Democratic Illusion: Deliberative Democracy in Canadian Public Policy
Published: April 2015© 2015
Imprint: University of Toronto Press
Page Count: 200 Pages
Illustrations: 4 b&w tables
Dimensions: 6.00 x 9.00
200 Pages, 6.00 x 9.00 in, 4 b&w tables
Ebook - PDF
The theory of deliberative democracy promotes the creation of systems of governance in which citizens actively exchange ideas, engage in debate, and create laws that are responsive to their interests and aspirations. While deliberative processes are being adopted in an increasing number of cases, decision-making power remains mostly in the hands of traditional elites.
In Democratic Illusion, Genevieve Fuji Johnson examines four representative examples: participatory budgeting in the Toronto Community Housing Corporation, Deliberative Polling by Nova Scotia Power Incorporated, a national consultation process by the Canadian Nuclear Waste Management Organization, and public consultations embedded in the development of official languages policies in Nunavut. In each case, measures that appeared to empower the public failed to challenge the status quo approach to either formulating or implementing policy.
Illuminating a critical gap between deliberative democratic theory and its applications, this timely and important study shows what needs to be done to ensure deliberative processes offer more than the illusion of democracy.
1. The Hope for and Illusion of Deliberative Democracy
2. Participatory Budgeting and the Toronto Community Housing Corporation
3. Deliberative Polling and Nova Scotia Power Incorporated
4. National Consultations and the Nuclear Waste Management Organization
5. Embedded Policy Consultations and Nunavut’s Official Languages
6. Contextual Complexity and the Importance of Deliberative Democracy
Epilogue. Interpretive Case-Study Research, Its Challenges and Rewards
‘In this volume Fuji Johnson deftly navigates the choppy waters between cynicism and criticism… The book is a valuable addition to both the literature on deliberative democracy and public policy and it should be read by any scholar concerned about the state of Canadian democracy.’David Moscrop, Canadian Journal of Political Science vol 51:01:2018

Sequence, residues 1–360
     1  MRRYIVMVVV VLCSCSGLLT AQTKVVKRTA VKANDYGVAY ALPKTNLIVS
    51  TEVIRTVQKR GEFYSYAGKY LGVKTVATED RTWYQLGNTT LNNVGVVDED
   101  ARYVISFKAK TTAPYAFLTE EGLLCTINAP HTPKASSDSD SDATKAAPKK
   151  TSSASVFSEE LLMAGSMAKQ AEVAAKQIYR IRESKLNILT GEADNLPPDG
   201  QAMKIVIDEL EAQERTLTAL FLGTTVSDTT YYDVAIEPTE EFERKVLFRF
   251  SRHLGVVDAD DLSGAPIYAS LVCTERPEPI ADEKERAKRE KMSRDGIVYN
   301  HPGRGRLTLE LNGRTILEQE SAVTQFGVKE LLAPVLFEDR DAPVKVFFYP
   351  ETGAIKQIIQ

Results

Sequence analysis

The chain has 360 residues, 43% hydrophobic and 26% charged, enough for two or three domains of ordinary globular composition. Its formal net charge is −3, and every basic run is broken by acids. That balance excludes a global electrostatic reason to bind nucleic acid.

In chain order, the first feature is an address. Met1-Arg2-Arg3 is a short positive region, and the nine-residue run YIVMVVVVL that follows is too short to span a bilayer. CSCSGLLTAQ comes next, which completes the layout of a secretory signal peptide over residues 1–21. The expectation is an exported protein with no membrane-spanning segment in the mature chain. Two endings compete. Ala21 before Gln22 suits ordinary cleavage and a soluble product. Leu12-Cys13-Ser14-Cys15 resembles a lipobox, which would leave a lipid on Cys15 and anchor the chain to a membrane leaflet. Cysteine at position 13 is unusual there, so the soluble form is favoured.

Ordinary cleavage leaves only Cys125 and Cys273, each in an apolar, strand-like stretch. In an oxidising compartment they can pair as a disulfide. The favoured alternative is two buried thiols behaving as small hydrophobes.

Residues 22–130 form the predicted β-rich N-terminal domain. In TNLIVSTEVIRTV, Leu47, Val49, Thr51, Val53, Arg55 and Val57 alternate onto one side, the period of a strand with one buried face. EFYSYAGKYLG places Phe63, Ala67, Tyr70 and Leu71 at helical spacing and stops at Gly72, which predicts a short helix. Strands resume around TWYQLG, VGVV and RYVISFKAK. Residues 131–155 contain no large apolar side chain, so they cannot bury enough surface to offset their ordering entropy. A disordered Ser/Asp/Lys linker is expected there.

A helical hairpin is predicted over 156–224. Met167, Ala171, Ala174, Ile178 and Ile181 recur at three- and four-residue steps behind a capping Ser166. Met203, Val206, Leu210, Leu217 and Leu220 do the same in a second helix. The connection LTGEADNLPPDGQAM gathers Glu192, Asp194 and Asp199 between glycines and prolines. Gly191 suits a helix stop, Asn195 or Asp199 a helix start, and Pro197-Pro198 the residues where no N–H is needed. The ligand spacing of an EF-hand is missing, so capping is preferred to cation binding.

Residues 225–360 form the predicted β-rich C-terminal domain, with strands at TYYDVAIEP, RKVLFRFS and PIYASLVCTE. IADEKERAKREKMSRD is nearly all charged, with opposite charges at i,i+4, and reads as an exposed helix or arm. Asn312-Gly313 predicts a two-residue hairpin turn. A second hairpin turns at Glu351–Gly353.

“Genevieve Fuji Johnson’s book stands out in a crowded field. Based on detailed empirical research in real-world political settings, this compact, succinct book catalogues the many challenges of organizing deliberative arrangements. It argues that, if we want to bring out the promise of democracy, we must be much more demanding in designing collaborative policymaking. The book is a must read for years to come for both political theorists and policy analysts.” Hendrik Wagenaar, Professor of Town and Regional Planning, University of Sheffield
“Deliberative scholarship is often blinkered by deliberative democratic norms. Genevieve Fuji Johnson takes the blinkers off in this rich and rewarding exploration of deliberative policymaking in Canada. She shows how deliberative success depends on context that is rarely studied, taking a more systemic view. This should be required reading for those wary of the ‘hope bias,’ but hopeful nonetheless.” John Parkinson, Professor of Politics, Centre for Governance and Public Policy, Griffith University
“Genevieve Fuji Johnson steps around the smouldering philosophical debates on deliberative democracy to examine best-case scenarios of actual implementation in government. Looking into four cases that meet a basic procedural definition of deliberation shows us how an inclusive, rigorous, and empowered process can still end up bolstering pre-existing power relations and serving elite interests. Johnson uses in-depth case analysis to show what underlies such subversions of democratic impulses, and in doing so, she helps deliberative critics and proponents pinpoint the key contextual factors too often ignored.” John Gastil, Director, McCourtney Institute for Democracy, Pennsylvania State University
“Democratic Illusion raises all sorts of important and interesting questions about how we understand the democratic potential of deliberation and the ways in which this potential can be derailed. Juxtaposing close-in evaluations of the deliberations with a wider focus on their context offers the reader an excellent view of the complexities involved in each case.” Simone Chambers, Professor of Political Science, and Director, Centre for Ethics, University of Toronto
- Weller Prize awarded by the British Columbia Political Studies Association